Radiological studies may be helpful in the differential diagnosis of soft tissue tumors, but are usually not reliable in differentiating between the different lipomatous tumors. There are no known imaging findings associated with lipoblastoma; therefore, imaging is best used for surgical planning and postoperative surveillance rather than for diagnosis3-19.
In spite of their potential for local invasion and rapid growth, lipoblastomas have an excellent prognosis with no report of any distant metastases. The surgical excision is usually curative if the tumor is removed completely11'21. Therefore, the treatment of lipoblastoma must be surgical excision with negative margins except for large invasive lesions requiring mutilating resection2-3'19. In the chest wall lesions reviewed, only two reports revealed a chest wall excision including ribs 7 to 9 together with the parietal pleura1'14. In our patient, intra- and extrathoracic components of the tumor could be removed completely, avoiding potentially disfiguring procedures. When incompletely resected lesions exist, close clinical follow-up to monitor progression with various imaging methods is advised. All patients should have careful surveillance and a follow-up period of at least five years in light of the documented recurrence rate of these lesions3-10. Appropriate length of follow-up is controversial because there is a report of a recurrence seven years after the primary tumor removal10. In this respect, we planned a close follow-up with both clinical examinations and regular radiologic tests with ultrasonography over a five-year period. On the other hand, magnetic resonance imaging can be helpful to monitor size/progression in patients with multiple recurrences or incomplete tumor resections.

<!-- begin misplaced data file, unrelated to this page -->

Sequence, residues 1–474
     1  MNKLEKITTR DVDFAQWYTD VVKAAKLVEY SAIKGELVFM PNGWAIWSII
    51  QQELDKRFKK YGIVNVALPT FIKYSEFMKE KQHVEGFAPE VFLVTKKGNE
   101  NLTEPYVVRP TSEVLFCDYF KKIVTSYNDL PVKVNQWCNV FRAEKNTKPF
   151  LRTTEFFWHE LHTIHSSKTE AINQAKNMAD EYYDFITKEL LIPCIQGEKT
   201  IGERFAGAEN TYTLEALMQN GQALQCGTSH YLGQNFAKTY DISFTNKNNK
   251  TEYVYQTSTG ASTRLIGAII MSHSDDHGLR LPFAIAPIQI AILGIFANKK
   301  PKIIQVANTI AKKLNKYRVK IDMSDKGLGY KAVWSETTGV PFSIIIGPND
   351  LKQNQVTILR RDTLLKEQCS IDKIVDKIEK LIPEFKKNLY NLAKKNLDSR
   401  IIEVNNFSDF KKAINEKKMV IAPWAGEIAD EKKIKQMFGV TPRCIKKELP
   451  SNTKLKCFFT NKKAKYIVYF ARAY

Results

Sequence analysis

In conclusion, benign lipoblastomatosis differs from other benign pediatric lipomatous tumors due to the reported recurrence rate of these tumors. However, lipoblastoma has no risk of metastasis. The goal is complete resection of the tumor with negative margins though this is not always possible. We think that this is a benign tumor and that radical cancer surgery should be avoided even in cases where the tumor was not completely removed.
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Murat Yigiter1, Ibrahim Ötgün1, Halil Kiyici2, Ibrahim Akkoyun3, Selçuk Yücesan1, Akgün Hicsönmez1
Departments of 1 Pediatric Surgery, and 2 Pathology, Baskent University Faculty of Medicine, Ankara, and 3 Department of Pediatric Surgery, Numune State Hospital, Konya, Turkey